To say that Tesla Motors CEO and founder Elon Musk was upset with New York Times writer John M. Broder review of their Model S would be a gross understatement.
After the company's shares slumped 3% following the review, Musk stepped in and launched a scathing attack via a Twitter: “NY Times article about Tesla range in cold is fake Vehicle logs tell true story that he didn’t actually charge to max & took a long detour.”
On February 8th the Times published the review in question, detailing how the Model S (starting from starting at $42,400) failed to live up to its boasted 300 mile (480 kilometer) autonomy range while driving in less than “under ideal conditions’, typically winter temperatures, with a litany of complaints especially regarding the car’s lithium-ion batteries draining too fast and adding that the car had to be towed for 45 minutes to find the next available charging station.
Following up on his Tweet, Musk laid out the evidence on the Tesla Blog of what actually happened during the test drive using the car’s data log system that monitors charge and recharge status, driving style, cabin settings as proof, with a blow by blow account of all the key points accompanied by graphs, showing that the writer’s review was wrong and with Musk arguing that Broder was prejudiced against electric cars from the start.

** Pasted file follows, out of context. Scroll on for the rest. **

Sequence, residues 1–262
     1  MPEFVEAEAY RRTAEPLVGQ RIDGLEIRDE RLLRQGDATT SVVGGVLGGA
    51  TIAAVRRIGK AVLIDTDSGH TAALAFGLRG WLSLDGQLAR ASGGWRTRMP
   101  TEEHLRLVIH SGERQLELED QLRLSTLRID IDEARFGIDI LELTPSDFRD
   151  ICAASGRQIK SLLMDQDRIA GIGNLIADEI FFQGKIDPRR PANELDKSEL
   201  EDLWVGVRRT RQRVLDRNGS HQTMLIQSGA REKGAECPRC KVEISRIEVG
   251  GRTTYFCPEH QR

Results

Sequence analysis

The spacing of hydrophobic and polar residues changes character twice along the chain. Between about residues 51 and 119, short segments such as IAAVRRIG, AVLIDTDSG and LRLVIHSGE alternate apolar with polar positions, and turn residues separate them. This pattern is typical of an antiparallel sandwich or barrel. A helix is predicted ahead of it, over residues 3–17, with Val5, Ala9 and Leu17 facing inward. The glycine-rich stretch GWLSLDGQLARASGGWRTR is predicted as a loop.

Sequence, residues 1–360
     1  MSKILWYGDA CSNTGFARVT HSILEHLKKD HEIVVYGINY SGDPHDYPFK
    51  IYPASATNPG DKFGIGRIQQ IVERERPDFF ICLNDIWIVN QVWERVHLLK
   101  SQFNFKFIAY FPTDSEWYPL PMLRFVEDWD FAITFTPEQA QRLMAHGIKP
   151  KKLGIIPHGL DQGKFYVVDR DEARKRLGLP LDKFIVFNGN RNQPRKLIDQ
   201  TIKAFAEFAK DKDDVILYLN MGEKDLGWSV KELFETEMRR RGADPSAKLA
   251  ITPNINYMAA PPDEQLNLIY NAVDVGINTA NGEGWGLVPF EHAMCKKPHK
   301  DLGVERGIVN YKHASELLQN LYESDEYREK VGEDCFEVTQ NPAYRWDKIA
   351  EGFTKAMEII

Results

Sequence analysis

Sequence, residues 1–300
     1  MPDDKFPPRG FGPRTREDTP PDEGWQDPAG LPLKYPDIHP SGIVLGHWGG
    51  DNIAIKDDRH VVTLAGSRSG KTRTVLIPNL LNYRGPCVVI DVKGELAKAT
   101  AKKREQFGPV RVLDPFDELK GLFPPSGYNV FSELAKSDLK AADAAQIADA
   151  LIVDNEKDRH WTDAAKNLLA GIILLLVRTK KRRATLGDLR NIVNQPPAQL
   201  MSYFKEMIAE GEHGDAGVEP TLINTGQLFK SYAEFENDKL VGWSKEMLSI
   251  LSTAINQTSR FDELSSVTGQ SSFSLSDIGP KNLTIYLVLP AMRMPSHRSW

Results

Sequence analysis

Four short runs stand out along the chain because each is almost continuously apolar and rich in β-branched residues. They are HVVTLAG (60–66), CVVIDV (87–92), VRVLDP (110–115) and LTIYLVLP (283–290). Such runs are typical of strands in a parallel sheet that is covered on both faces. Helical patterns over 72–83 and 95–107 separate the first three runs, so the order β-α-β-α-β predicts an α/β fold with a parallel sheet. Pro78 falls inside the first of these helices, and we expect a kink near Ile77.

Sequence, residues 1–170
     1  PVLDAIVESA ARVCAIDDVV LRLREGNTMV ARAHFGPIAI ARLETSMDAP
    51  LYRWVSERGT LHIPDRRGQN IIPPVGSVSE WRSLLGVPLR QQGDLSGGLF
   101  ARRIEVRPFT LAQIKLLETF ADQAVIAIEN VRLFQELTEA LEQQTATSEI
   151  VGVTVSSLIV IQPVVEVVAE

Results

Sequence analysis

In a statement, the Times stood by its report, saying "any suggestion that the account was 'fake' is, of course, flatly untrue and our story was fair and accurate. We are in the process of reviewing the specific claims in Tesla's blog post and will respond to those when that review is complete."
This isn’t the first time that Musk has targeted negative reviews, and went after Top Gear in 2008, when the show made similar reliability claims against the company’s Roadster - the British TV show show was accused doing the same thing with Nissan's Leaf, another electric car - but in Tesla's case the ruling decided that the show’s review did not libel the car company.